- - Monday, December 24, 2012


For weeks, my 4-year-old son has been admiring the presents (especially his own) under our Christmas tree. He’s also been wondering what’s in his stocking hung over the fireplace. That’s why my wife and I look forward to seeing the beaming smile on his face on Christmas as he opens his gifts and plays with his new toys.

This probably sounds like a typical Christmas story. Well, it’s not. For you see, I’m not Christian. I was born Jewish.

It’s a story I’ve written and discussed in the past. I’ve been an agnostic Jew for 30 years. I celebrate Christmas in a nonreligious fashion with my wife (who is Catholic). I don’t celebrate any of the Jewish holidays, including Hanukkah. My parents, sister and her family still do, and I’m glad they feel the desire to maintain some traditions in their households.

I strongly support freedom of religion, and strongly oppose religious persecution and bigotry against Jews, Christians and moderate Muslims. Just because I choose not to participate doesn’t mean that I feel others should follow my example. Far from it.

So, why would a nonreligious Jew want to celebrate a Christian holiday he didn’t grow up with? Actually, I did. I’m 42, and grew up in an era when most people enjoyed the festive spirit of Christmas — and weren’t afraid to say so. My mother and father took me to see Santa Claus, and I have various photos with him. We went to the annual Santa Claus Parade. We admired Christmas displays in the department stores. When people warmly wished us a “Merry Christmas,” we happily wished them the same.

Although my mother wasn’t comfortable with having a Christmas tree when I was young, she has grown to love the Christmas trees in my house. Every year, she asks to put up an ornament or two, and we happily oblige. My father, who always liked Christmas trees — I suppose that’s where I get it from — had a tiny fake one in his office. When Jewish clients came in and looked quizzically at this item, he would smile and call it a Hanukkah bush.

My parents didn’t teach me to fear or hate Christmas. They passed this important belief on to me, and I’m eternally grateful for it.

This particular position is remarkably similar to the positive feelings about Christmas held by early American Jews. One of my favorite passages in Penne L. Restad’s “Christmas in America: A History” comes from an 1877 article in the Philadelphia Times. As reported, the “Hebrew brethren did not keep aloof” from Christmas, and young Jewish children “were as happy … as Christian children” with the Christmas trees which “bloomed” in their homes.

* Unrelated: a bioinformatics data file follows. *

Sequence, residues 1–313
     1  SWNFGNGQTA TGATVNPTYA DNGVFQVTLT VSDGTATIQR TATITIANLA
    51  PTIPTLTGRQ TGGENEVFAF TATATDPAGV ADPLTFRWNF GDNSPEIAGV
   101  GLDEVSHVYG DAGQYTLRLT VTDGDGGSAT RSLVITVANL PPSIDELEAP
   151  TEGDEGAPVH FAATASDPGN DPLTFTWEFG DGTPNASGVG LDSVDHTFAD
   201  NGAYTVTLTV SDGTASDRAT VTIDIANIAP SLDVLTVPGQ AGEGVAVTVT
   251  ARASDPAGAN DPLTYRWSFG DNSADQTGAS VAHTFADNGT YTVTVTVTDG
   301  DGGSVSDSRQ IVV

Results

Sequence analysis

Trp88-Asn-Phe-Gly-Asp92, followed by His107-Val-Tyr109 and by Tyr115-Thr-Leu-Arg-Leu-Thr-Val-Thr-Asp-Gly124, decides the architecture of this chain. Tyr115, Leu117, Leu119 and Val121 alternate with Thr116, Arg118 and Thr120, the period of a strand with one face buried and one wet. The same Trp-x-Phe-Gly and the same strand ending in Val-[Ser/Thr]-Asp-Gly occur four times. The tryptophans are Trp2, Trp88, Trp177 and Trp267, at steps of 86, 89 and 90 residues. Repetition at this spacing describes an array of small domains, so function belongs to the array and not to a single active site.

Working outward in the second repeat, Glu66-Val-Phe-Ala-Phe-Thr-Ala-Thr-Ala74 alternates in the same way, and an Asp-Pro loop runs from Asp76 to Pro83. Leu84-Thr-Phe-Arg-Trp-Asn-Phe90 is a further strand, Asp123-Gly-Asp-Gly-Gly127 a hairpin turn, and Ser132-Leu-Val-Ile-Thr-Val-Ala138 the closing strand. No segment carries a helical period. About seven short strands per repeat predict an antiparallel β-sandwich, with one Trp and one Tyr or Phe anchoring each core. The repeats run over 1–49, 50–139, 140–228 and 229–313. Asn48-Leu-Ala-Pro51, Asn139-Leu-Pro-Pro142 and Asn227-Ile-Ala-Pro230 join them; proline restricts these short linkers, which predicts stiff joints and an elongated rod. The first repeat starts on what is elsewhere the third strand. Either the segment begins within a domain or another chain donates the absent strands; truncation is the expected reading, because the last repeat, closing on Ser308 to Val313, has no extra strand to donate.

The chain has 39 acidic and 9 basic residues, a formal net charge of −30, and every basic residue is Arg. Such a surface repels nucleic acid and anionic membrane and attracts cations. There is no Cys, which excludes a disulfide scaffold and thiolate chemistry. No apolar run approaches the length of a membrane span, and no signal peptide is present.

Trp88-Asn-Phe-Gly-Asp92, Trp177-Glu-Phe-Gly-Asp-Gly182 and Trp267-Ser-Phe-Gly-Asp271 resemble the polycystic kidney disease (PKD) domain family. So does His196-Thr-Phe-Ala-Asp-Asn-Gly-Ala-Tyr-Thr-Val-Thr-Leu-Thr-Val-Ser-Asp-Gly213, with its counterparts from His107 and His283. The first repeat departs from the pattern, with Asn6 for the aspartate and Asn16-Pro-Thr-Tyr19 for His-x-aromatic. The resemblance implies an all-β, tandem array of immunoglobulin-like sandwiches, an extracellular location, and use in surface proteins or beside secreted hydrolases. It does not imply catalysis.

In my view, Christmas is not just for Christians. It’s for everyone. We have the freedom to celebrate any holiday, custom and tradition we so choose. Placing restrictions on a person’s enjoyment of religious or cultural events helps create an unhealthy environment of ignorance and intolerance.

No wonder some non-Christian children are confused during Christmas. Their loved ones create imaginary barriers from participating in trimming a tree, singing carols and attending midnight mass with their friends. I always feel badly for them, because they’re missing out on the fun and pleasure that I — and many others — experienced at Christmas.

Fortunately, many Christian and non-Christian families, who are comfortable in their own personal and religious or nonreligious identities, are sick and tired of this perpetual war on Christmas. They reject political correctness as well as simple-minded attacks on Christianity and other world religions. They want their children to respect different religions, people and holidays.

Many children are therefore learning about different cultural events and holidays in our schools and places of worship. Together, they’re making paper Christmas trees, spinning dreidels, singing songs, eating different cuisines and so on. They’re laughing, playing and beginning to understand one another.

Yes, there will always be evil and hatred in the world. The tragic events in Newtown, Conn., proved this to be true. Yet, if we want to build a safer society for our children, it also has to start at home. Smashing religious barriers will help create a healthier environment and make our society stronger.

This isn’t a liberal fantasy, as some critics like to call it. It’s what all good and decent people — irrespective of politics, class and faith — should always aspire to.

Michael Taube is a former speechwriter for Canadian Prime Minister Stephen Harper and a columnist with The Washington Times.

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